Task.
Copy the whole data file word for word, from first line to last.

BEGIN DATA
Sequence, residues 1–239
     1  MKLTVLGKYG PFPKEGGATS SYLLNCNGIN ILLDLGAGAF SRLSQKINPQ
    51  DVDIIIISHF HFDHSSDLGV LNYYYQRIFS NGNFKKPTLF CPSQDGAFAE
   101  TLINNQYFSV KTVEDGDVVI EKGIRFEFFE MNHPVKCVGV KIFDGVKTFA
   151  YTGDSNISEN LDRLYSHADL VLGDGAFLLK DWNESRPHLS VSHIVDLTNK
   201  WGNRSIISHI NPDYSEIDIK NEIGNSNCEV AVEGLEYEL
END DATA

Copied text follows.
Sequence, residues 1–239
     1  MKLTVLGKYG PFPKEGGATS SYLLNCNGIN ILLDLGAGAF SRLSQKINPQ
    51  DVDIIIISHF HFDHSSDLGV LNYYYQRIFS NGNFKKPTLF CPSQDGAFAE
   101  TLINNQYFSV KTVEDGDVVI EKGIRFEFFE MNHPVKCVGV KIFDGVKTFA
   151  YTGDSNISEN LDRLYSHADL VLGDGAFLLK DWNESRPHLS VSHIVDLTNK
   201  WGNRSIISHI NPDYSEIDIK NEIGNSNCEV AVEGLEYEL